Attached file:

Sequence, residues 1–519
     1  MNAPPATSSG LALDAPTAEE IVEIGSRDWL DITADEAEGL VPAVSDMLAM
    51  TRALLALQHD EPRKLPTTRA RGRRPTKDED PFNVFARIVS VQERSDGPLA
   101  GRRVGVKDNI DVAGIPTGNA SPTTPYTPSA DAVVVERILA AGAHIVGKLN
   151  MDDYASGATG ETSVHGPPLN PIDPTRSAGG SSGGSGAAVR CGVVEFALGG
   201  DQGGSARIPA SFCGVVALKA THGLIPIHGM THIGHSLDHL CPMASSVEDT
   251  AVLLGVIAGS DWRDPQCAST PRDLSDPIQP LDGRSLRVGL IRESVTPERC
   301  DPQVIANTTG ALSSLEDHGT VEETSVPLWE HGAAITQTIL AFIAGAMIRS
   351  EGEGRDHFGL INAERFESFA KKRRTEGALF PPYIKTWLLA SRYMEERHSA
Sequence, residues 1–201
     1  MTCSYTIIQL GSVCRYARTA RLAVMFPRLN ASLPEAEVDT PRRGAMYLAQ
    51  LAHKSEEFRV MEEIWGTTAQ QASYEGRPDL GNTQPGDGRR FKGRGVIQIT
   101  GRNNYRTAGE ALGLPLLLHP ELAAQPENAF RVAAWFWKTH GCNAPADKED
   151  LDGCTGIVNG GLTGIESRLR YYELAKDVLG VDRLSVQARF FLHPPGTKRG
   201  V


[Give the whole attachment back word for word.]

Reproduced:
Sequence, residues 1–519
     1  MNAPPATSSG LALDAPTAEE IVEIGSRDWL DITADEAEGL VPAVSDMLAM
    51  TRALLALQHD EPRKLPTTRA RGRRPTKDED PFNVFARIVS VQERSDGPLA
   101  GRRVGVKDNI DVAGIPTGNA SPTTPYTPSA DAVVVERILA AGAHIVGKLN
   151  MDDYASGATG ETSVHGPPLN PIDPTRSAGG SSGGSGAAVR CGVVEFALGG
   201  DQGGSARIPA SFCGVVALKA THGLIPIHGM THIGHSLDHL CPMASSVEDT
   251  AVLLGVIAGS DWRDPQCAST PRDLSDPIQP LDGRSLRVGL IRESVTPERC
   301  DPQVIANTTG ALSSLEDHGT VEETSVPLWE HGAAITQTIL AFIAGAMIRS
   351  EGEGRDHFGL INAERFESFA KKRRTEGALF PPYIKTWLLA SRYMEERHSA
Sequence, residues 1–201
     1  MTCSYTIIQL GSVCRYARTA RLAVMFPRLN ASLPEAEVDT PRRGAMYLAQ
    51  LAHKSEEFRV MEEIWGTTAQ QASYEGRPDL GNTQPGDGRR FKGRGVIQIT
   101  GRNNYRTAGE ALGLPLLLHP ELAAQPENAF RVAAWFWKTH GCNAPADKED
   151  LDGCTGIVNG GLTGIESRLR YYELAKDVLG VDRLSVQARF FLHPPGTKRG
   201  V